The first time my gynecologist casually asked me if I was planning on having children feels like just yesterday. I was in my mid-thirties and she had been my doctor for quite some time. Of course, I was single, dating and very much wanted to get married and start a family. At the time, I was teaching yoga and acting and had never even considered having a baby “on my own.” I didn’t fault her for asking and I understood her point, but I also remember the wave of anxiety that came with that innocent question and a lingering feeling that stayed with me for years to come. In that visit, she didn’t mention anything about freezing my eggs. If she had, I probably would have gone into a full-blown panic. In hindsight, though, I do wish I knew then what I know now.
A few years later, I reconnected with an old friend on Facebook. We got together for lunch and it turned out that she worked for a fertility clinic. By then, I was 41 and she was 42, and she told me that she had her eggs frozen a few years before as a precaution. She asked me if I wanted information about it and strongly encouraged me to consider. I had just started dating my (now) husband. I also didn’t have the financial resources to freeze my eggs. For some reason, I wasn’t too worried. I was healthy, fit and always looked and felt young for my age. Later, when I was in the throws of my IVF journey, I found out that it is not recommended to freeze your eggs when you’re 41, so I never looked back on that conversation with regret.
After we got engaged, my gynecologist encouraged us to start trying even before we got married. I was 43. My blood tests all looked good. I didn’t think for a second that we would have any trouble. But by the time we got back from our honeymoon, we started seeing a reproductive endocrinologist and that was the beginning of a long fertility journey that didn’t end with our desired outcome.
I encourage you to become informed about your fertility and egg freezing options so you can self-advocate.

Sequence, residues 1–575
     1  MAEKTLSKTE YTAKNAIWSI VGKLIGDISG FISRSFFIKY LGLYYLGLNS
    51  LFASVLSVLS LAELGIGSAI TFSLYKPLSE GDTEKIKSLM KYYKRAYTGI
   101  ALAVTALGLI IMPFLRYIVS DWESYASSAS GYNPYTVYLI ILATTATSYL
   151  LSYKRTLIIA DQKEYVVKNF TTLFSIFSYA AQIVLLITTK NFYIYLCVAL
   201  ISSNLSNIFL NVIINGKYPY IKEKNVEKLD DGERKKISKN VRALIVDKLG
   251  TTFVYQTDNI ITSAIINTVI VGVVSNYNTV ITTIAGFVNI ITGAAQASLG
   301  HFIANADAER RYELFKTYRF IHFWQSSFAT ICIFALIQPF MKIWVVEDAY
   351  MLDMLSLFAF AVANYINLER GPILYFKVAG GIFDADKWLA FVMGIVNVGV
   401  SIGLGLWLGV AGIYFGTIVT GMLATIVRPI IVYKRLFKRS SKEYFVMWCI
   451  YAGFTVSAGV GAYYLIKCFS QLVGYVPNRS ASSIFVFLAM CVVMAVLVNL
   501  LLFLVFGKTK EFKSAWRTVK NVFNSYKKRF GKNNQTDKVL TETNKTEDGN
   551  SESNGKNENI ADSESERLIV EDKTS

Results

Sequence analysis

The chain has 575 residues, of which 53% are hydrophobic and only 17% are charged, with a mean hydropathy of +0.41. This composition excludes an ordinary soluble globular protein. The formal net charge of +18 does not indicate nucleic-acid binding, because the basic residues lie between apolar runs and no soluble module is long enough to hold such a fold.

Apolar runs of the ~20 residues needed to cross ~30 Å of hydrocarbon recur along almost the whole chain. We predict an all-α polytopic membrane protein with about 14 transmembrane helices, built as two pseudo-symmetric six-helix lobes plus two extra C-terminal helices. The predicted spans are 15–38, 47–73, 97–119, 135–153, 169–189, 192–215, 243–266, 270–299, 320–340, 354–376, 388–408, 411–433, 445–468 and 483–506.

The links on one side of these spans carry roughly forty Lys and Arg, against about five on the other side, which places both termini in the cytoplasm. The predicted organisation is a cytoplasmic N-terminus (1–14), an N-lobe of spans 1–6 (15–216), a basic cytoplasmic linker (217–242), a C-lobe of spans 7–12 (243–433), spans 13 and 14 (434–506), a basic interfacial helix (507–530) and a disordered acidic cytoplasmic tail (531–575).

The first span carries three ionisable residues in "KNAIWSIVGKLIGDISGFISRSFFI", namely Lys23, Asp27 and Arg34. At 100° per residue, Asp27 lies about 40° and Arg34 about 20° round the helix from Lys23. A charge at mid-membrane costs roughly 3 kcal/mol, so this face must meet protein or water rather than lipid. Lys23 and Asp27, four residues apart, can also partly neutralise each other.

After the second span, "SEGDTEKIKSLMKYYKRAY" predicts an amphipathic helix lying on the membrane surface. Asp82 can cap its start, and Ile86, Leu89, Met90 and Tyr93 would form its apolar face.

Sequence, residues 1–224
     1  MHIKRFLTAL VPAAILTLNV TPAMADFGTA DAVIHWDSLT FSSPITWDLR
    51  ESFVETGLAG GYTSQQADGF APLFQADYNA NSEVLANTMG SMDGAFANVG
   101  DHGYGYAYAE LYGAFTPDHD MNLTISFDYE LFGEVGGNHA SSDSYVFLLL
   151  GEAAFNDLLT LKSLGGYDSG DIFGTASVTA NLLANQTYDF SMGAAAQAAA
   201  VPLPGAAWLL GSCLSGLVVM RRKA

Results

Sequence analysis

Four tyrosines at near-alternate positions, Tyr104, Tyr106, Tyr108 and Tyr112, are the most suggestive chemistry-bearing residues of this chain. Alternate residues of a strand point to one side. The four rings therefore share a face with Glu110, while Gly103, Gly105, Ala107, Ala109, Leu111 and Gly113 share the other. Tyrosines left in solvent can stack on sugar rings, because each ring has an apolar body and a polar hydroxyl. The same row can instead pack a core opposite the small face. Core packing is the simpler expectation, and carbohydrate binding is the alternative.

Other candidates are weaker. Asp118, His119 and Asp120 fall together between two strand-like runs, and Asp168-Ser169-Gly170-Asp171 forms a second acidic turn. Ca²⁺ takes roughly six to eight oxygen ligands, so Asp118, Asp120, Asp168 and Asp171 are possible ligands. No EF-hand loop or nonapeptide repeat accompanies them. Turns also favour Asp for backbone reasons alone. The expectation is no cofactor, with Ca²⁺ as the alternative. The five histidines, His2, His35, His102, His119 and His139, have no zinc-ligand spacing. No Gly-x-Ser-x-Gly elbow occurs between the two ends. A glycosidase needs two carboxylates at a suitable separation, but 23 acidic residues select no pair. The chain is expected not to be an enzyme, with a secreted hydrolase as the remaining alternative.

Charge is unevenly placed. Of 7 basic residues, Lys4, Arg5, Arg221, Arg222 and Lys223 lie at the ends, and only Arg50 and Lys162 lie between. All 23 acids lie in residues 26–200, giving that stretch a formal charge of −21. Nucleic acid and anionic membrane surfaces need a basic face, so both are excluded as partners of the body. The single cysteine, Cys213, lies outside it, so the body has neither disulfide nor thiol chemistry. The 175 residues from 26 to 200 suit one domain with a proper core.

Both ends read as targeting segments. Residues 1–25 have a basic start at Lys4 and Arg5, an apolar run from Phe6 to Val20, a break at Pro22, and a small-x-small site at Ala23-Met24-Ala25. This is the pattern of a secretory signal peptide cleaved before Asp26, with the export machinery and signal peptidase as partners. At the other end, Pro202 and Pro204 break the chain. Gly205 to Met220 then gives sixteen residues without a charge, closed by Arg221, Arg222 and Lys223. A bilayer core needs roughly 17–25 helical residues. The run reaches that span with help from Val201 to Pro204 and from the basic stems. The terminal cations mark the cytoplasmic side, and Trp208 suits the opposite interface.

So why am I sharing my story? I would never want to make anyone feel scared or pressured. The cost to freeze your eggs is not cheap, you actually need to do it on the earlier side of things to make it more effective. Age is the best way to improve egg quality. Since we can’t reverse our age, it’s best to consider egg freezing early too avoid poor quality eggs.
I am a woman who persisted with five years of treatment. I am now a fertility coach that works with women of all ages going through IVF and I want to share some insights and observations that I have made over the years.
Improving Egg Quality
As much as we might resent Mother Nature for our biological clocks and the funny joke she played by making it different for women and men, there is a reality that cannot be denied. No matter how healthy, fit, youthful and modern you are, egg quality and egg quantity are correlated to your chronological age. Your eggs start to mutate and become chromosomal abnormal as you age and the science quotes this happening around mid-late 30’s. Are there women who get pregnant naturally over forty with their own eggs? Yes, of course! But that is the outlier. Are there celebrities posting about their miracle pregnancies at 44 and 45 years old that are not telling you that they used a donor egg? YES, there are!
The best part about assisted reproductive technology is that it is a rapidly advancing field and science is improving all the time. It used to be that freezing eggs process was less of a guarantee than freezing embryos for future success. However, now the processes are considered almost equal. The cost will continue to get more affordable and more companies and insurance plans are looking to include egg-freezing benefits.
Not just as a fertility coach, but as a real woman who wishes she could tell this to her younger self, I encourage you to become informed about your fertility and egg freezing options. This will enable you to self-advocate properly, armed with the data and resources you need. It’s not for everybody.
The information provided above is for informational purposes only and should not be construed as medical advice or a substitute for medical care.